The truest sign of winter going back to where it came from is these froggy peeps, about a week later than 2019. More from them in a bit, if I find the time. Rebbit. Soon enough they’ll be sheltering under toadstools in the woods, where they belong.

Thanks for reading.

More fungi

Leave a comment

IMG_20200202_153118125

Fungi Friday: 7th February 2020

Welcome to my weekly #FungiFriday post! Every Friday I aim to post my latest photos and learning from the Kingdom of Fungi (where I live). You can see my Fungi Friday archive here.

Last Sunday I was taking apart an old shed. Plenty of wildlife had made a home in the shed, including lots of large spiders, woodlice and springtails. Pulling the panels away, I was amazed to find this very small mushroom sitting there on a wooden panel.

shedshroom - 2-2-2020 blog-2

This is a species that I’ve posted about on a previous Fungi Friday but instead when it appears in the fissures of tree bark. This shroom shows the ability for fungi to get into any appropriate micro-habitat if the spores can reach them. This shed was very damp and moulds were already building in places. I was simply speeding up a process that fungi and other recyclers had started.

IMG_20200202_153123730

If you look at the image above you can see the scale of the mushroom. It’s miniscule! To photograph it I used a macro lens and a macro adaptor to get even closer.

Rother lichens - 5-2-2020 blog-2

Meanwhile at the river Rother in West Sussex, my poplar branch patch was drying out due to lack of rain and some unseasonably warm sun. It gave the cyanobacteria and algae the chance they need to turn some of that light into sugar and feed the fungus that puts a roof over (under?) their heads.

Rother lichens - 5-2-2020 blog-5

The common yellow lichenย Xanthoria parietinaย continued undimmed. Life goes on. There’s a storm coming…

More fungi

Extreme Macro Photos Unveil the Hidden World of Fungi in the Forest

The History of European Forest Exploitation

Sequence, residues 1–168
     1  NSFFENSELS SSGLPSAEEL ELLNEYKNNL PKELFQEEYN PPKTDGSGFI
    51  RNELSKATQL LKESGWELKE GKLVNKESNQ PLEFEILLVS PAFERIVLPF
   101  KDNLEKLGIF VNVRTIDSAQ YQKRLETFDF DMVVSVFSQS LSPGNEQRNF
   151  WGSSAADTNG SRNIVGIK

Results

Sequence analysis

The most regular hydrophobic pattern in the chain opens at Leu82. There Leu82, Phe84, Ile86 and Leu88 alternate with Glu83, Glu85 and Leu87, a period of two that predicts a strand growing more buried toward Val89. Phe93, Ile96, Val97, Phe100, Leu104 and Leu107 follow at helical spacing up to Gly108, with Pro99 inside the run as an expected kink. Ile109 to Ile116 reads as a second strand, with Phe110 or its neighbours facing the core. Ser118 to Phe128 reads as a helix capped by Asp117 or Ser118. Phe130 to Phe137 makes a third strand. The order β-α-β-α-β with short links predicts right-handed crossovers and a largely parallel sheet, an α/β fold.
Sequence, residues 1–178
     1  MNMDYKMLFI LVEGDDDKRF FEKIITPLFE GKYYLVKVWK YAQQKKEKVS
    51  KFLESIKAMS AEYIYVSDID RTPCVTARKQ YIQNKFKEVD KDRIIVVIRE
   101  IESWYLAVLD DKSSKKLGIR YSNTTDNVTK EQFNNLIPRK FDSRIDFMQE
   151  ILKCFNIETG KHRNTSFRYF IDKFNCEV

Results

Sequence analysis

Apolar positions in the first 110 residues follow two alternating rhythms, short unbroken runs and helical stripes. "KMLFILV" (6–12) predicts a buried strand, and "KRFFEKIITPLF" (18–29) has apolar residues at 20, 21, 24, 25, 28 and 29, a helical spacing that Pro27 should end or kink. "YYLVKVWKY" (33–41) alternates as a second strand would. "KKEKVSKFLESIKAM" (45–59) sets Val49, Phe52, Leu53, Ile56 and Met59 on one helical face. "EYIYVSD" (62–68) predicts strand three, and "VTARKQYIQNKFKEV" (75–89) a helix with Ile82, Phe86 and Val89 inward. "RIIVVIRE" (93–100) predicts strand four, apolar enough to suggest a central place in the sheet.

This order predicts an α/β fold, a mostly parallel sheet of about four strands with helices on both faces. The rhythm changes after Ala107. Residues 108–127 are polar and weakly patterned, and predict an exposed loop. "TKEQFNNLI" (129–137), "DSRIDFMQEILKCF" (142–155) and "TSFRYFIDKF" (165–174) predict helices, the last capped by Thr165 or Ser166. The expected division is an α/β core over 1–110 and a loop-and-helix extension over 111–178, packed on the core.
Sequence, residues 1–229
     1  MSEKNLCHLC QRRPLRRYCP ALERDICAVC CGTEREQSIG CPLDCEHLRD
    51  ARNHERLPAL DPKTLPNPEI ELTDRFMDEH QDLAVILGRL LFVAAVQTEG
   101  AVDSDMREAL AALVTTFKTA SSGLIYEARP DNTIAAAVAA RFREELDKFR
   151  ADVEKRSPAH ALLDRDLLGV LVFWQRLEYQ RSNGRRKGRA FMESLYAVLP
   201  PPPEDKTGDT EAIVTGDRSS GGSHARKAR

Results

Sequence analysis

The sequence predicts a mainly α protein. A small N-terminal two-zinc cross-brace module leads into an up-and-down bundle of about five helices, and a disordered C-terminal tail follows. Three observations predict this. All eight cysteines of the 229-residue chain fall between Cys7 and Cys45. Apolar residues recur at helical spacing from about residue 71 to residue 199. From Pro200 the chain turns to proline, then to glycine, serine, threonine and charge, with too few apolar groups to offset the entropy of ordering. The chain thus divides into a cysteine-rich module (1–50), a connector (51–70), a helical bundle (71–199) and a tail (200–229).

Leave a comment

OLYMPUS DIGITAL CAMERA

Fungi Friday: 24th January 2020

A week of blissful winter sunshine and endless starry skies, cut short by low clouds. What is the point of January, many ask. If fungi asked themselves that question, they probably wouldn’t be here and therefore nor would we. Nature does not disappear completely in winter. The paucity of species can help introduce us to new ones we never knew existed.

OLYMPUS DIGITAL CAMERA

January to me is a good time to find slime moulds. Yes, I suppose this is two straight weeks of cheating after last week’s lichen love-in. But if this is the only way to raise awareness about slime moulds, I don’t think fungi will mind. I had an hour to look through the wooded slopes of an old estate in East Sussex, to find this week’s quarry.

OLYMPUS DIGITAL CAMERA

There was very little fungi of the mushroom kind, in fact, none. But one of the bad funguys had been making itself felt in the wood. Ash trees had been felled after becoming infected with ash dieback. I used to monitor a woodland at the time of ash dieback’s arrival in the UK and have, since about 2014, watched it rocket across the country. In Sussex it is killing lots of ash trees that are under 50 years of age and the landscape of the South Downs is losing a lot of its higher woodland.

OLYMPUS DIGITAL CAMERA

Here you can see the effect of the fungus, though of course many other fungal organisms will be benefitting from the decay caused by the disease. The rot has moved from the outside in through what are the softer layers of waste wood. Had the fungus weakened two thirds of the overall mass, the tree would probably have fallen down. Lots of people walk under these trees, so that’s why they have to be pushed before the wind shoves them.

OLYMPUS DIGITAL CAMERA

I have been exchanging emails with a fellow macro photographer this week who has been spending hours looking for slime moulds. One day this week he looked for four hours and found nothing. I was lucky enough to walk straight outdoors for a few minutes and happened upon this epic spread on the tree above:

OLYMPUS DIGITAL CAMERA

No, slime moulds aren’t fungi, they’re not even moulds, which are another kind of fungus. I still don’t have the slime mould ID book so any help is welcome.

OLYMPUS DIGITAL CAMERA

The thing that amazed me about these slimeys was that you could barely see them, even when I knew they were there. They camouflaged so well with the glowering winter light. The photos here have been taken with a flash.

OLYMPUS DIGITAL CAMERA